I would suggest looking more into karyotype nomenclature; it is admittedly a bit odd. Here is one related question/answer that puts it in context.
I haven't looked at the paper in detail but generally what it means is that there is some cytologically relevant big chunk of chromosome that is missing that roughly overlaps with the chunk of chromosome that we find at band 21 of chromosome 21 (not position 21). Note that these cytobands/karyotype/G bands visible in a chromosome spread under a microscope, so these are quite large deletions.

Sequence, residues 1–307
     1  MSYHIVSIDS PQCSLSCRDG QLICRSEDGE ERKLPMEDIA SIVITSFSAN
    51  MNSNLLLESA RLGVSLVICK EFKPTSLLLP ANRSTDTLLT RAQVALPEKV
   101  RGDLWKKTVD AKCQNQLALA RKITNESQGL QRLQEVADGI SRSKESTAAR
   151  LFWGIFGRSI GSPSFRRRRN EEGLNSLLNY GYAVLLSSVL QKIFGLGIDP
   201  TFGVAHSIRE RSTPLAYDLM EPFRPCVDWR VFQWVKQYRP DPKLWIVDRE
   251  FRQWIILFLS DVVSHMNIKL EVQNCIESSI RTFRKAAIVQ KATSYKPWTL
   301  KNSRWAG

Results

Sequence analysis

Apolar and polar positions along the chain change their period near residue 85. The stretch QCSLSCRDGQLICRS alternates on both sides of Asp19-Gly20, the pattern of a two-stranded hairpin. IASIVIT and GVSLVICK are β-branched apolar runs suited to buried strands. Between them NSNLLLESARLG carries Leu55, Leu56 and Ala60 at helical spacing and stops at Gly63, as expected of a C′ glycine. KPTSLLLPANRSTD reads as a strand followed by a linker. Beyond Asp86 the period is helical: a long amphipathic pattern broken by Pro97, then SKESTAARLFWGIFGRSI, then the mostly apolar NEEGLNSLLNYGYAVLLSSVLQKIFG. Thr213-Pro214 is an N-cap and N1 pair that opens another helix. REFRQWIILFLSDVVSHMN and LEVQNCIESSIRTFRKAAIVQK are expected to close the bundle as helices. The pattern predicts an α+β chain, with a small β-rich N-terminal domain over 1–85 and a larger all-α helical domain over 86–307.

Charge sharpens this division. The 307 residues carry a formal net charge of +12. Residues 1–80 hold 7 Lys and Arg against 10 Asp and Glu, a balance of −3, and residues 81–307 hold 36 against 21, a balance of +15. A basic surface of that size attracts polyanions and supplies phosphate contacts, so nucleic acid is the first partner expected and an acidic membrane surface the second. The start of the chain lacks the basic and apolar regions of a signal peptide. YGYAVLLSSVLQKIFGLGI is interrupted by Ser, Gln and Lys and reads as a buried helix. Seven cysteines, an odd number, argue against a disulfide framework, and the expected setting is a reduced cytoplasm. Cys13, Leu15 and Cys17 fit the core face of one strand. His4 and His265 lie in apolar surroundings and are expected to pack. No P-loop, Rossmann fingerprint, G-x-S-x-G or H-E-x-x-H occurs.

Looking at the paper methods, it is clear that in 2/3 cases they confirmed the deletions by looking at karyotype data (FISH/chromosome spreads):
For Case 2, CNV confirmation and parental studies were performed by metaphasic and interphasic FISH on leucocytes using BAC RP11-43A6 (chr21:18,414,905e18,567,253, hg19 build). For Case 3, CNV confirmation was performed by G-banded karyotype. Parental studies were not available.
The terminology is quite outdated now as usually we are looking at sequence data these days, which has much higher resolution, but a lot of the stereotypical chromosomal abnormalities still carry these confusing names. And seeing it on a chromosome under a microscope is still the gold standard for these large chromosomal events.